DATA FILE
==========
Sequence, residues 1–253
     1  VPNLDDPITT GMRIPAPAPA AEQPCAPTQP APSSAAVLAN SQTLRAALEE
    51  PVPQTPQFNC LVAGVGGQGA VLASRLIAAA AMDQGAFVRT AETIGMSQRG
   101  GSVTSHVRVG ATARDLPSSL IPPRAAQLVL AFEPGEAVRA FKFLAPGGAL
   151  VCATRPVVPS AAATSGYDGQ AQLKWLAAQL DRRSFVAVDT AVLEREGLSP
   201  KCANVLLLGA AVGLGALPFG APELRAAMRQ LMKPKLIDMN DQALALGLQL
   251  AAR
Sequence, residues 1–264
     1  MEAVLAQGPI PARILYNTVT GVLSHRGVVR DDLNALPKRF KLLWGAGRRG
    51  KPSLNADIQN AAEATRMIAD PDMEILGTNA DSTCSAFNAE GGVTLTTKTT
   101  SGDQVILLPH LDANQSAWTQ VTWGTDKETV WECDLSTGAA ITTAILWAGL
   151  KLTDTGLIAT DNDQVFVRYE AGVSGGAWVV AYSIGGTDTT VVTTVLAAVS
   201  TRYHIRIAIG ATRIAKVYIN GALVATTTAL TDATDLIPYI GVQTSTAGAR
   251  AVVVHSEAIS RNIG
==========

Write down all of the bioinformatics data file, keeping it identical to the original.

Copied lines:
Sequence, residues 1–253
     1  VPNLDDPITT GMRIPAPAPA AEQPCAPTQP APSSAAVLAN SQTLRAALEE
    51  PVPQTPQFNC LVAGVGGQGA VLASRLIAAA AMDQGAFVRT AETIGMSQRG
   101  GSVTSHVRVG ATARDLPSSL IPPRAAQLVL AFEPGEAVRA FKFLAPGGAL
   151  VCATRPVVPS AAATSGYDGQ AQLKWLAAQL DRRSFVAVDT AVLEREGLSP
   201  KCANVLLLGA AVGLGALPFG APELRAAMRQ LMKPKLIDMN DQALALGLQL
   251  AAR
Sequence, residues 1–264
     1  MEAVLAQGPI PARILYNTVT GVLSHRGVVR DDLNALPKRF KLLWGAGRRG
    51  KPSLNADIQN AAEATRMIAD PDMEILGTNA DSTCSAFNAE GGVTLTTKTT
   101  SGDQVILLPH LDANQSAWTQ VTWGTDKETV WECDLSTGAA ITTAILWAGL
   151  KLTDTGLIAT DNDQVFVRYE AGVSGGAWVV AYSIGGTDTT VVTTVLAAVS
   201  TRYHIRIAIG ATRIAKVYIN GALVATTTAL TDATDLIPYI GVQTSTAGAR
   251  AVVVHSEAIS RNIG